Here’s how Lauren Boebert could lose such a safe Republican seat

Colorado, and the rest of the nation, watched in amazement Tuesday night as Rep. Lauren Boebert’s anticipated 15-point victory slipped to where it stands now, with her Democratic opponent, Adam Frisch, up by about 62 votes. Thousands of ballots still need to be counted, so it’s still anyone’s race, but many Coloradans are stunned.

What on Earth – specifically the portion of Earth that is western and southern Colorado – is going on? How could a political newcomer and Democrat in Colorado’s 3rd Congressional District, a district anticipated to be more Republican-leaning after a redistricting, give a well-known candidate like Boebert a run for her money?

Having grown up in Grand Junction, followed this district closely for years, and looked at the early election night data, I have some thoughts.

First, Frisch ran an impressive campaign. He and his team – written off by many as impossible underdogs – clearly put in the time and effort to turn out Democratic voters in rural Colorado. This is no easy task where voters are scattered across a huge district in small towns separated by high mountain passes; the barriers are enormous.

We don’t know how Frisch did it, but data from The New York Times shows that Democrats were fired up across southern Colorado counties, significantly outperforming (by 7 points or more) voter turnout in the 2020 presidential election in Otero, Huerfano, Costilla, Archuleta, La Plata, San Juan, Montrose, Ouray, and Gunnison. And making smaller gains in another five rural counties.

Even in Republican strongholds like Moffat County in the far northwest corner of Colorado, Democrats outperformed 2020 turnout by 4.1 points.

And then, in Mesa County, the population center of the district, there was a significant turnout of unaffiliated voters – 30,613 ballots returned by Nov. 8 – compared to Republican voters’ 31,169 ballots.

Lastly, so far, 2,865 voters decided neither candidate deserved their support. These are what I like to characterize as protest blank votes.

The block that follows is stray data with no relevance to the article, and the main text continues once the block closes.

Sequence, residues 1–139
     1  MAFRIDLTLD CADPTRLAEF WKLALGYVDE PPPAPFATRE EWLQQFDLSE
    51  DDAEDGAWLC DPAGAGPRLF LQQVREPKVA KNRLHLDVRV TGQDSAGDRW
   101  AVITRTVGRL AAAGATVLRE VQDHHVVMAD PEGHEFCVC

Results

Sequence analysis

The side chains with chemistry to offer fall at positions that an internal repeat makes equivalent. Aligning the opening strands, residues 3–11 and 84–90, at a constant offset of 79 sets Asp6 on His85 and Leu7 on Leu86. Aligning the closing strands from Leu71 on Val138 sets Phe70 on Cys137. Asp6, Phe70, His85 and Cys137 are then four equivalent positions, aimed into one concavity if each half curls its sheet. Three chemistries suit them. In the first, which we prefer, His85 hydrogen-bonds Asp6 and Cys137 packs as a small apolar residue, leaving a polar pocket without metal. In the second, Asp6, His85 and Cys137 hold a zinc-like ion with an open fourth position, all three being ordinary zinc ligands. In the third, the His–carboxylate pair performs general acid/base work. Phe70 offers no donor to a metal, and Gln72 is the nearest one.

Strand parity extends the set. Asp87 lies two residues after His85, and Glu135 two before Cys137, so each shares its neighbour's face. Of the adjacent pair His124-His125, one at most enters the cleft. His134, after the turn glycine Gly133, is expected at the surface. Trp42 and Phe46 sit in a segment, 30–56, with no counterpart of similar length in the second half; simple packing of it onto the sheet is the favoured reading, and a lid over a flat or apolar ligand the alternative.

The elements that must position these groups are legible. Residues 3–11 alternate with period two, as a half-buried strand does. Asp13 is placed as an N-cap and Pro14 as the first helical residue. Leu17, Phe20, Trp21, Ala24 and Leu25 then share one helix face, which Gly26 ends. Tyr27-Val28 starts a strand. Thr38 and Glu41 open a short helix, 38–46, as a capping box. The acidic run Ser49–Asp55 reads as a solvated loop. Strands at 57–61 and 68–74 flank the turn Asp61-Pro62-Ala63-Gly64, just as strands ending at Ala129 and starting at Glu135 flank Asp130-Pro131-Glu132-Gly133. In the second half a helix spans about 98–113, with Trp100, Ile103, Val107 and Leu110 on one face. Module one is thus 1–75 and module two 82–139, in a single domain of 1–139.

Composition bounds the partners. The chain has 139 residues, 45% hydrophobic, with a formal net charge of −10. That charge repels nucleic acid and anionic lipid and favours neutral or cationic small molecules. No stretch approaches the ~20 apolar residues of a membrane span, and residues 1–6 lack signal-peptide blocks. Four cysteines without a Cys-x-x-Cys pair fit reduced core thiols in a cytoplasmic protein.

That is the math of how Frisch turned a solidly red seat into a competitive district.

However, something else is going on in these communities that can’t be measured by this data.

Frisch referred to it on the campaign trail as people being exhausted by “angertainment.”

What does a community do when an inept clerk and recorder (who, in a previous election, found uncounted ballots sitting in an unopened ballot box and then refused to count them) is accused of stealing election data and giving it to the CEO of a pillow company? What does a community do when that clerk is caught on video trying to kick a police officer exercising a warrant for her tablet because she had recorded a judicial hearing against the judge’s orders?

Boebert wasn’t directly involved in those scandals, but she runs in the same far-right circle that is still actively trying to get Donald Trump back into office despite his inexcusable behavior since losing the 2020 election. In many ways, Boebert is a younger, more charismatic version of the indicted Mesa County Clerk, Tina Peters.

I could be wrong. It’s possible western and southern Colorado are as solidly in Trump’s corner as they were in 2016 and 2020, and Boebert’s inability to get her supporters to the polls has nothing to do with disgust over misbehaving Trump supporters eroding our democratic foundation with their antics.

But when I think of conservative Republicans in my hometown, I remember the kind, thoughtful Americans who just want low taxes, filled potholes, and to be left alone.

Boebert’s approach to politics is many things, but it is certainly not that.

Megan Schrader is the editor of The Denver Post’s opinion pages. She grew up in Grand Junction and attended the University of Missouri journalism school before working at the Gainesville Sun in Florida, the Oklahoman and the Colorado Springs Gazette. Contact her: [email protected].

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